Sunday, 25 October 2020 06:37

ACCC report finds Google, Facebook increasing take of online ad spend Featured

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ACCC report finds Google, Facebook increasing take of online ad spend Image by mohamed Hassan from Pixabay

The first six-monthly interim report from the Australian Competition and Consumer Commissions Digital Platform Services inquiry shows that the share of online advertising spend of Google and Facebook is increasing, with $53 of every $100 going to Google and $28 to Facebook.

This has increased from $49 and $24 in 2018 for Google and Facebook respectively.

In another finding, the ACCC said for a retail product search on Google there was a bigger proportion of sponsored as the first result on mobile devices compared to desktop devices, including laptops.

"Organic search results were often less visible to consumers searching on a mobile device," the report said.

"Given that a significant proportion of Google searches in Australia are conducted on mobile devices and that consumers often focus their attention on the highest ranking search results, a higher proportion of sponsored results on these devices can reduce the ability of consumers to obtain information through search that best suits their needs.

"It also increases the need for businesses to use Google’s search advertising tools to reach consumers (rather than relying on clicks to organic links)."

In December 2019, the Federal Government tasked the ACCC with monitoring digital platform services and their impacts on competition and consumers for five years, with reports to be issued every six months. The first interim report was made public on Friday.

The interim report found that the online activity of Australians was being extensively tracked with many businesses, including those that provide private online messaging, social media and search, able to obtain user data because they were providing advertising and other services to website and mobile apps.

"The ACCC’s website analysis found Google and Facebook had the largest presence in online tracking, with Google and Facebook’s third party scripts present on over 80% and 40% respectively of 1000 popular websites in Australia. Amazon and Microsoft tracking were present on nearly 30% and almost 20% of websites respectively," the report said.

The ACCC also commissioned research from AppCensus, a company that studies online privacy and data tracking, which found that "platforms such as Google and Facebook and advertising services providers have the potential to receive a range of user information from apps because of the prevalence of their software development kits within apps".

"AppCensus observed that Google’s SDKs were identified in 92% of all apps analysed and Facebook’s SDKs in 61% of apps."

And in another finding, AppCensus found that about two-thirds of the apps it looked at could transmit user information to Facebook – even if those users had no Facebook accounts.

Many platforms and advertising services were being sent data from apps during testing, the company found. "The research showed that Facebook received data from approximately 40% of all apps analysed. Other platforms such as Google, Twitter and Amazon were observed to be receiving user data from about 10%, 8% and 4% of the apps respectively."

The type of information being transmitted included identifiers for user advertising and location information. Plus, sensitive information like audio recordings, photos and videos and also health data were sent.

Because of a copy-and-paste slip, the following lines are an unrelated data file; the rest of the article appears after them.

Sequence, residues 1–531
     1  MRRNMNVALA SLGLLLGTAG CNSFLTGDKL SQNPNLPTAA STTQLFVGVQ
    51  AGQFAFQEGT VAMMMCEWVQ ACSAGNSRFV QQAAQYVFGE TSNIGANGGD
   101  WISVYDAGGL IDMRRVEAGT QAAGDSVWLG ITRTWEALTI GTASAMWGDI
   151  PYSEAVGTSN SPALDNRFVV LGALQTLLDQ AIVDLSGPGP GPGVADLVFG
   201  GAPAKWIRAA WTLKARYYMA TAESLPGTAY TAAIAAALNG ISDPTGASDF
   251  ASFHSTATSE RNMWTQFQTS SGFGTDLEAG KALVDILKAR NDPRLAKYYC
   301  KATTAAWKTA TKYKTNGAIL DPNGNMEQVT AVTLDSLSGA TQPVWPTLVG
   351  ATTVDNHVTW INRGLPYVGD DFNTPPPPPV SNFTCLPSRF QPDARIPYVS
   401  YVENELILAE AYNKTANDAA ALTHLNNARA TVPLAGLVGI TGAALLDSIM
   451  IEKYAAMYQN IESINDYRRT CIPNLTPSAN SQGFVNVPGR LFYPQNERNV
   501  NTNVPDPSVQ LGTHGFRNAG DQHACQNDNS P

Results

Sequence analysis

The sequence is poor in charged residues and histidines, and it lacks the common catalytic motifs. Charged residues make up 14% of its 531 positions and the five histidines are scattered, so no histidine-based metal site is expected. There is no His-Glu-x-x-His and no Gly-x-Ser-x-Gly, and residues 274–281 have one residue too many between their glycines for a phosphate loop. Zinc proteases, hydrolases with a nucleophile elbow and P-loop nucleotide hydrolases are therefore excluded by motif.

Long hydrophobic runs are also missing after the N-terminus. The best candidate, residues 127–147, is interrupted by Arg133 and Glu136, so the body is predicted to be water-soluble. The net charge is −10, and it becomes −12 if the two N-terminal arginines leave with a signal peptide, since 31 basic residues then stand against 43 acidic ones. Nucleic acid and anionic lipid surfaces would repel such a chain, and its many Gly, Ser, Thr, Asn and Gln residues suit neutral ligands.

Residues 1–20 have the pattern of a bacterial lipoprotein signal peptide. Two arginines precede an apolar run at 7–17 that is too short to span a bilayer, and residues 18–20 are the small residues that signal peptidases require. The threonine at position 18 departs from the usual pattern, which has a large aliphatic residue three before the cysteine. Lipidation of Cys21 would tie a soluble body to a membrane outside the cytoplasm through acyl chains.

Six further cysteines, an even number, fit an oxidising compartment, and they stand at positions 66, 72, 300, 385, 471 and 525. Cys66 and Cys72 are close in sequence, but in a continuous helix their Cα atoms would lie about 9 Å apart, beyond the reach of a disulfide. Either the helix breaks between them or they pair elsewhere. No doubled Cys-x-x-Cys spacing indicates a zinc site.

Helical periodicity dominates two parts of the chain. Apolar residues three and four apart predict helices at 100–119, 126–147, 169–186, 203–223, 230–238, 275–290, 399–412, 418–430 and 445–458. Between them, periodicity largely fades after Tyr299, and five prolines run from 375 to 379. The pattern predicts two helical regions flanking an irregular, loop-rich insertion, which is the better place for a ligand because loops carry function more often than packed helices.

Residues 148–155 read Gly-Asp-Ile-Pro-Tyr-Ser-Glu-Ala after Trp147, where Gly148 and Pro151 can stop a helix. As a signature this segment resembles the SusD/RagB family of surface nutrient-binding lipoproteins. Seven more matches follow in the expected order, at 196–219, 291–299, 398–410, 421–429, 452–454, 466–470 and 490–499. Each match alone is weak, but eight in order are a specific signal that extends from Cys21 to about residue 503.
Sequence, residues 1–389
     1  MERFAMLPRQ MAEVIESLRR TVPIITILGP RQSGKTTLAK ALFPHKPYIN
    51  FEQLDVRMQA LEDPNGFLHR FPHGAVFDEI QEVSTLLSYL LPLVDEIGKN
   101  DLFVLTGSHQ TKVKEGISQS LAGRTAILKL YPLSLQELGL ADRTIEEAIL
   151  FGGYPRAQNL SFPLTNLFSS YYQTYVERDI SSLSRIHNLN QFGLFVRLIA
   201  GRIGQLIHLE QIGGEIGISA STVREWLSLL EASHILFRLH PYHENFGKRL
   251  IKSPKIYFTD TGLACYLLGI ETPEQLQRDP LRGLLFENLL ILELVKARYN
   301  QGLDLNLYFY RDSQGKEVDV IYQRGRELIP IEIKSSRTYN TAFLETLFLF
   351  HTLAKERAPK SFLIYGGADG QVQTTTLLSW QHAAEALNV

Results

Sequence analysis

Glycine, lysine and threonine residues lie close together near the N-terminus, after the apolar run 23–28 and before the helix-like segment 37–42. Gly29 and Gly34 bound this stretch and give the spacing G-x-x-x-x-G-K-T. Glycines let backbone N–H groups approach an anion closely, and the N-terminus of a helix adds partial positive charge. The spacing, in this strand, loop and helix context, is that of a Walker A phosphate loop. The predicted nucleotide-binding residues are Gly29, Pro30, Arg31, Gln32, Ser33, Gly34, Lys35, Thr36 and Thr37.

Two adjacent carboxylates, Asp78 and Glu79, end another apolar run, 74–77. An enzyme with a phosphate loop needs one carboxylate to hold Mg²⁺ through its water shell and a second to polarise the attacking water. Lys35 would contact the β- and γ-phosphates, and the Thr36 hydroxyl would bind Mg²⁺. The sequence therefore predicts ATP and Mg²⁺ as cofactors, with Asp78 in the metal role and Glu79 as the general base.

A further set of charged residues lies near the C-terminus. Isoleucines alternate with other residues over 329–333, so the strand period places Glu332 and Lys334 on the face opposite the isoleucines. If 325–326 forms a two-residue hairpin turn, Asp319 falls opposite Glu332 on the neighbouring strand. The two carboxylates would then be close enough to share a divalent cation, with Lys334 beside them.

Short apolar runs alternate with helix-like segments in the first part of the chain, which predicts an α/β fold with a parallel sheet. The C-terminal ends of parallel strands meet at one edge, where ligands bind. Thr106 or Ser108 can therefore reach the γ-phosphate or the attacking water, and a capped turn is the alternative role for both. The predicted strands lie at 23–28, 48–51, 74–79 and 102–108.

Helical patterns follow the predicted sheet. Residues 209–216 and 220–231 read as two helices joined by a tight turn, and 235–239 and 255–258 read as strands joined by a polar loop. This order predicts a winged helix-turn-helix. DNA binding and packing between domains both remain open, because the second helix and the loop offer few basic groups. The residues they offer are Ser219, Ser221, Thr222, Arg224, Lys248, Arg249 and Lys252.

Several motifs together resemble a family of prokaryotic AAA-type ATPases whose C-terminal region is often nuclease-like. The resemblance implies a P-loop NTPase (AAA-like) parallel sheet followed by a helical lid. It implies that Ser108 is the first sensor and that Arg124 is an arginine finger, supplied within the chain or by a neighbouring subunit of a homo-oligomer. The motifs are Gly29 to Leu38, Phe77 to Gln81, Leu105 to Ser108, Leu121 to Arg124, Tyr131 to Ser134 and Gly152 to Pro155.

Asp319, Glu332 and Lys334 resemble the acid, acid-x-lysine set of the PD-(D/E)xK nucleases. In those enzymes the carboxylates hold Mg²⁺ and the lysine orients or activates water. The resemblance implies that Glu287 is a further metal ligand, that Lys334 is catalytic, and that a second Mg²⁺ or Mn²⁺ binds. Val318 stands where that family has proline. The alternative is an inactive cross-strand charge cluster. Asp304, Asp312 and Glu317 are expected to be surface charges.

"In some cases, AppCensus observed apps transmitting a resettable advertising identifier alongside other identifiers, which would allow apps to continue tracking the same user, even if that user chose to reset the advertising identifier," the report said.

It also pointed out that a lot of data was collected by voice assistants, like Google Assistant, Amazon Alexa and Apple's Siri, with voice recordings or transcripts of interactions with voice assistants being collected.

Another finding was that Facebook had a big advantage over other companies that provided standalone services.

"The significant size of each of the user bases of Facebook Messenger and WhatsApp, and the presence of these network effects, gives Facebook a significant competitive advantage over smaller suppliers of standalone services in Australia," the report said.

"In order to attract individual users away from Facebook, rival standalone services need to attract some or many of the user’s friends, family, colleagues and acquaintances to their service."

In the case of Apple, the consumer watchdog found that its standalone services were "used by a significant number of Australians, their use is limited to users of Apple devices".

"For users wanting to communicate with users of other devices, Apple’s services are not an effective alternative to Facebook Messenger and WhatsApp. This limits the competitive constraint that Apple’s services impose on Facebook Messenger and WhatsApp."

The report can be downloaded here. AppCensus research commissioned by the ACCC can be accessed here.


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Sam Varghese

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Sam Varghese has been writing for iTWire since 2006, a year after the site came into existence. For nearly a decade thereafter, he wrote mostly about free and open source software, based on his own use of this genre of software. Since May 2016, he has been writing across many areas of technology. He has been a journalist for nearly 40 years in India (Indian Express and Deccan Herald), the UAE (Khaleej Times) and Australia (Daily Commercial News (now defunct) and The Age). His personal blog is titled Irregular Expression.

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